Subject: Re: wedges and what does that mean?
To: Bill Studenmund <firstname.lastname@example.org>
From: Johnny Billquist <email@example.com>
Date: 09/05/2006 22:05:58
Bill Studenmund skrev:
> On Mon, Sep 04, 2006 at 01:58:31PM +0200, Johnny Billquist wrote:
>> So, what are you saying?
>> Are wedges just partitions with another name, or is there really a
>> The actual width of the size and offset is hardly a reason to say it's
>> different. Is the information about wedges not stored on the disk? How
>> do you find them in that case?
>> I'm probably dense, but this answer made it look no different from a
>> partition, except the fact that they were 64-bit values. Which is nice,
>> but it don't really make them any different.
> Most of the differences are conceptual.
> The thing about our partitions is that they really really are entries in a
> struct disklabel. And struct disklabel is an on-disk format. So there's no
> way to change "partition"s without changing the on-disk format.
> Thus a conceptual change to get us out of the difficulty.
> wedges are partitions separated from the partitioning scheme that defined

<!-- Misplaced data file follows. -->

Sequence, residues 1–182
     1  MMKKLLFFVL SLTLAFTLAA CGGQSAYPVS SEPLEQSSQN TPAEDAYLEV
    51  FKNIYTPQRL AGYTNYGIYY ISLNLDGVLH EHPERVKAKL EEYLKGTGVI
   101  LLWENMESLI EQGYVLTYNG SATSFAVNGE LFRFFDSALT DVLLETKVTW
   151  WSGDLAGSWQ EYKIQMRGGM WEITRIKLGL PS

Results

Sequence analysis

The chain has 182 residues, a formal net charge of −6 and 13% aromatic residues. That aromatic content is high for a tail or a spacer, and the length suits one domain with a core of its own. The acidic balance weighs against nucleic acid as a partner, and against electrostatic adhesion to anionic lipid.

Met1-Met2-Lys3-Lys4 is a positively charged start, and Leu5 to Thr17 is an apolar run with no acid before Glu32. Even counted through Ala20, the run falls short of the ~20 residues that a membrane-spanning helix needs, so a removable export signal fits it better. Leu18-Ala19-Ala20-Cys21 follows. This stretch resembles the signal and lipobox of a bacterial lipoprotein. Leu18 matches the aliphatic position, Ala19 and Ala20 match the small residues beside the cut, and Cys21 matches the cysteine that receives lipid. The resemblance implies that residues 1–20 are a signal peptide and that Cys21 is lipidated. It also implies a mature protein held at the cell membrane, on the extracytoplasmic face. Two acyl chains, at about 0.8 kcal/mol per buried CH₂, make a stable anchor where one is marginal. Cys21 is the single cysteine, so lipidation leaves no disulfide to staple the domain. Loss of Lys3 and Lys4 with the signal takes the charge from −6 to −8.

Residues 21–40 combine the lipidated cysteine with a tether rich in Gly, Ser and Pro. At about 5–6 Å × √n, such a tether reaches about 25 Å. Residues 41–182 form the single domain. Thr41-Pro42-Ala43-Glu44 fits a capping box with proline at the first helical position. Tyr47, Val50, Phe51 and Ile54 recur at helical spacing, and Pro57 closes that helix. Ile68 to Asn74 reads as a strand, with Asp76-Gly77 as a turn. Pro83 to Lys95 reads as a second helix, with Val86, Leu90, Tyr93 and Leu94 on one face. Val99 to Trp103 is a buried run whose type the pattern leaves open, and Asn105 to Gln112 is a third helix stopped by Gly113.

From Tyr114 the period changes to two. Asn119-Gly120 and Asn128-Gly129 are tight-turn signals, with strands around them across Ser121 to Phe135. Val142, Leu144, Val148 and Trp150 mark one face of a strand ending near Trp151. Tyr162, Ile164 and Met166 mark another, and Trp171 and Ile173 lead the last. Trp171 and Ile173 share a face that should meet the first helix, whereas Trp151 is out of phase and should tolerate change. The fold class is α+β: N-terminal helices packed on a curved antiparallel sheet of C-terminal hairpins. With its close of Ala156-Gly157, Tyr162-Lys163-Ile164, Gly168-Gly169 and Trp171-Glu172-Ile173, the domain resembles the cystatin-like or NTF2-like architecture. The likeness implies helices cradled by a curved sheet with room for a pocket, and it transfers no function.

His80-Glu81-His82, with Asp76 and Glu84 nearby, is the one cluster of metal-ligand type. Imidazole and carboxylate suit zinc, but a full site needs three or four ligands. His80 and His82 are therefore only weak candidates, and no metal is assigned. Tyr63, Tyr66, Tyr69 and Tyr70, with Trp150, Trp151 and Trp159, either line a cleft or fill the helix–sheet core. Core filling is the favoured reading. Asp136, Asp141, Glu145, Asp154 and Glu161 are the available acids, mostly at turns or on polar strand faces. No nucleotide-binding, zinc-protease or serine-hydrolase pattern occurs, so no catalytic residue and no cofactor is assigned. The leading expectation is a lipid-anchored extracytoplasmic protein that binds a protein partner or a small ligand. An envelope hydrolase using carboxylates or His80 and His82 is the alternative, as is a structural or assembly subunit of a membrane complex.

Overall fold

> them. So you don't need a struct disklabel, or struct part_map_entry, or
> any other struct.
So? You still need something. As far I can understand so far, the only
difference is that you've generalized partitions to deal with multiple
ways of describing the partition. Can't really see the big need for
that, but then again, there are several things in the system today that
I'm not sure I see the point of.
> Since there's a disconnect between the on-disk representation and the
> in-kernel one, you can map anything into a wedge.
This is one thing I'm having a real hard time understanding.
AFAIK, nothing prevents you to put just about anything in a partition today.
> Another part of the conceptual plan is that we move partition reading out
> of the kernel into userland. The kernel only NEEDS to be able to find the
> root partition, then userland can find all the rest. As a convenience, you
> can (according to the plan) add support for different partitioning schemes
> in the kernel.
That all sounds fine, but why?
> We aren't there yet, and things don't work according to the plan. But
> we're getting there. :-)
Ok. I guess someone must feel the need then.